By Munir Kotadia
24 January 2006
Analyst group Gartner has warned administrators to be "more
aggressive" when protecting their Oracle applications because they are
not getting enough help from the database giant.
Gartner published an advisory on its Web site just days after Oracle's
latest quarterly patch cycle, which included a total of 103 fixes with
37 related to flaws in the company's database products. Some of the
flaws carry Oracle's most serious rating, which means they're easy to
exploit and an attack can have a wide impact.
According to the advisory, which was posted by Gartner analyst Rich
Mogull on Monday, "the range and seriousness of the vulnerabilities
patched in this update cause us great concern.=85 Oracle has not yet
experienced a mass security exploit, but this does not mean that one
will never occur."
Mogull said that because Oracle has historically been seen as having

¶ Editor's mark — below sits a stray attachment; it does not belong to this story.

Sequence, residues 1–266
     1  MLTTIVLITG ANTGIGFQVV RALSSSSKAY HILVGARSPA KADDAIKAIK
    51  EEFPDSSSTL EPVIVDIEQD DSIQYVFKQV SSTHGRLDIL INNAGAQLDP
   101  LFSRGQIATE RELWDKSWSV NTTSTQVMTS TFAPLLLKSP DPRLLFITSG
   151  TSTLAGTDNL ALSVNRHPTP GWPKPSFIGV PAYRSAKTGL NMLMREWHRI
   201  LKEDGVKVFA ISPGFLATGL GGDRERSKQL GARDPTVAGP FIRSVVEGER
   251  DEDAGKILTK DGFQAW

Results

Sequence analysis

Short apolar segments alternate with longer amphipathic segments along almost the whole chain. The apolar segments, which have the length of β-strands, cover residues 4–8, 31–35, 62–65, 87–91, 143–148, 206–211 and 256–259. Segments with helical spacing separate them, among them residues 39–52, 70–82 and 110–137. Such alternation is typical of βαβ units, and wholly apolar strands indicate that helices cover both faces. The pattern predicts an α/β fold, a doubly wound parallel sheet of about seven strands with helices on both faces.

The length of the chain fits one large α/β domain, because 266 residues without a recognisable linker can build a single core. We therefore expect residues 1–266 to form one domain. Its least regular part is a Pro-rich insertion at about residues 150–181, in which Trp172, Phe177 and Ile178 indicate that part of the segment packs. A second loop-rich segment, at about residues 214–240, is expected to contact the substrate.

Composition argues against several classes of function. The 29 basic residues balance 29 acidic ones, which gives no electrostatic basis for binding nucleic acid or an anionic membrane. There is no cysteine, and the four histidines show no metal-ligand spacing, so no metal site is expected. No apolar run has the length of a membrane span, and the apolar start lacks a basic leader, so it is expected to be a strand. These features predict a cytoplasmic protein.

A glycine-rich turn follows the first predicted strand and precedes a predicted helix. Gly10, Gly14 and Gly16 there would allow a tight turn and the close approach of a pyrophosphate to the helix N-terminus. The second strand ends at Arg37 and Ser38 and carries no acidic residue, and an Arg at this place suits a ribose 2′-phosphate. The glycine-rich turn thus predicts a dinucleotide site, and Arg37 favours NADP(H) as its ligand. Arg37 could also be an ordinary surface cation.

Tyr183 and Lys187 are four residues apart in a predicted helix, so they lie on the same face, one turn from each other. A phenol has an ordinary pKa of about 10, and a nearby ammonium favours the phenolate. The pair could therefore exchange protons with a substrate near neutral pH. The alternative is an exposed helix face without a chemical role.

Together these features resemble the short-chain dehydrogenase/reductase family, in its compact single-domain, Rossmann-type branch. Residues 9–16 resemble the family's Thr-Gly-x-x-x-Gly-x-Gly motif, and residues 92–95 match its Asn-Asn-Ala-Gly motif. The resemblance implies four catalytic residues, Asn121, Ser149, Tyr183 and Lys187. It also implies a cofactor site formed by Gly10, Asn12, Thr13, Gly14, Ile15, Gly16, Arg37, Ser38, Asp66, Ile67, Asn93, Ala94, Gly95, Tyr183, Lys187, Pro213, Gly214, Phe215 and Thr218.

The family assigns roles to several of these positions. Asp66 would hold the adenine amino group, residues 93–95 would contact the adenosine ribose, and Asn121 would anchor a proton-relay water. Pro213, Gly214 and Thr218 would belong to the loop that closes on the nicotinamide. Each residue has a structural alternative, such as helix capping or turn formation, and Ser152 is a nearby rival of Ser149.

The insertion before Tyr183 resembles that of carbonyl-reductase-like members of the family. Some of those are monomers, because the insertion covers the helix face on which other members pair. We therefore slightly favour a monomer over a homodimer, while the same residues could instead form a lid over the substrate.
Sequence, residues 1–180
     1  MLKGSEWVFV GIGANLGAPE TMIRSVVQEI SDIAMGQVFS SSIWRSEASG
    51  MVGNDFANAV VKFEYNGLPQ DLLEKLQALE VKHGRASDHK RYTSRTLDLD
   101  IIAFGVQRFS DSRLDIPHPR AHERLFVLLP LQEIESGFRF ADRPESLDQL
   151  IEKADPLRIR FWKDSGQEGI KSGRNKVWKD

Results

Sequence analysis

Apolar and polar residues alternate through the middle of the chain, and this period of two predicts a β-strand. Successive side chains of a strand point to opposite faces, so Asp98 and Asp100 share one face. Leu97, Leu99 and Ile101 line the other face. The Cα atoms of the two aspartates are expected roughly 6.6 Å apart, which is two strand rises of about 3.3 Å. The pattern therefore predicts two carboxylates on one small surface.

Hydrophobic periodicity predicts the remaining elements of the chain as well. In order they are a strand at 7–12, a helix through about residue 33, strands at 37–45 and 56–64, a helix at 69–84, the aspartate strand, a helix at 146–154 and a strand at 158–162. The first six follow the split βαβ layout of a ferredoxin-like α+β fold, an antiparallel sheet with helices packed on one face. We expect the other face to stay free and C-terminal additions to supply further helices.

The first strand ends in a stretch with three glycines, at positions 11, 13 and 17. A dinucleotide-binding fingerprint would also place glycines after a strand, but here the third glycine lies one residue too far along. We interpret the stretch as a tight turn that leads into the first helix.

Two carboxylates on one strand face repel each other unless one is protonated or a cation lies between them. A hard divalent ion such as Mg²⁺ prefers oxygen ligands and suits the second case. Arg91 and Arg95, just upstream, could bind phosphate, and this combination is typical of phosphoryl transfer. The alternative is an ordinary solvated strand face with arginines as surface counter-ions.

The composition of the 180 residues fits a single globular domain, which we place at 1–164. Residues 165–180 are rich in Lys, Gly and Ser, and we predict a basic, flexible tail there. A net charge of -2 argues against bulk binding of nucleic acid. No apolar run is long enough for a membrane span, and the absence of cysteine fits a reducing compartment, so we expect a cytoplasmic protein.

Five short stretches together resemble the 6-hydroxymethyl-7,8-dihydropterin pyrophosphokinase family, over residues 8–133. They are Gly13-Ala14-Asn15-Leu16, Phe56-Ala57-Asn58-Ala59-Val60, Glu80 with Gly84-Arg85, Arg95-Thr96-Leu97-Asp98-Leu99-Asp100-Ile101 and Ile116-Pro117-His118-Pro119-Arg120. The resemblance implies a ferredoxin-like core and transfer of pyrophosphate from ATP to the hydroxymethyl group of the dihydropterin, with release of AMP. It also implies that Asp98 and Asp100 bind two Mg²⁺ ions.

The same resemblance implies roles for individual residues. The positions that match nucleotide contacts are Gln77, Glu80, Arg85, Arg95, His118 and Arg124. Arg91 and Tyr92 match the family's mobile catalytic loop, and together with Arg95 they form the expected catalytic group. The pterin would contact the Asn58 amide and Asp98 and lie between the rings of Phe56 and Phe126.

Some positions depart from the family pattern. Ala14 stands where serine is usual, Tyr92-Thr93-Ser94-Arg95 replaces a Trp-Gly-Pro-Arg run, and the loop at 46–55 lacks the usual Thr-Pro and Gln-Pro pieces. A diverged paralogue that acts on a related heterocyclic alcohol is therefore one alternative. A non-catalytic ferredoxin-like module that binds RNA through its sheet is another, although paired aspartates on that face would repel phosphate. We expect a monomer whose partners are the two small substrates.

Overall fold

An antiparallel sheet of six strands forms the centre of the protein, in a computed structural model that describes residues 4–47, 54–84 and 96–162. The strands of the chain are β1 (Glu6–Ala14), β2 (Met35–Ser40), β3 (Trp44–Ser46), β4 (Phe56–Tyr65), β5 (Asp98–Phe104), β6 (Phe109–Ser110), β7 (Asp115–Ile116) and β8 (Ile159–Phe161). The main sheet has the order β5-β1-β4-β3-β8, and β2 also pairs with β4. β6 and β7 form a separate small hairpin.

very strong security and many of Oracle's products are located "deep
within the enterprise", administrators often neglect their patching
"Moreover, patching is sometimes impossible, due to ties to legacy
versions that Oracle no longer supports. These practices are no longer
acceptable," said Mogull who advises administrators to pay more
attention to securing their Oracle applications.
Mogull said administrators should:
* Immediately shield these systems as well as possible, using
firewalls, intrusion prevention systems and other technologies.
* Apply available patches as rapidly as possible.
* Use alternative security tools, such as activity-monitoring
technologies, to detect unusual activity.
* Pressure Oracle to change its security management practices.
In response to the Oracle patch release, Symantec raised its ThreatCon
global threat index to Level 2, which means an outbreak is expected.
It typically does that after a patch release because malicious hackers
might use the fixes as a blueprint for attacks.
CNET News.com's Joris Evers contributed to this report
Copyright =A9 2006 CNET Networks, Inc.
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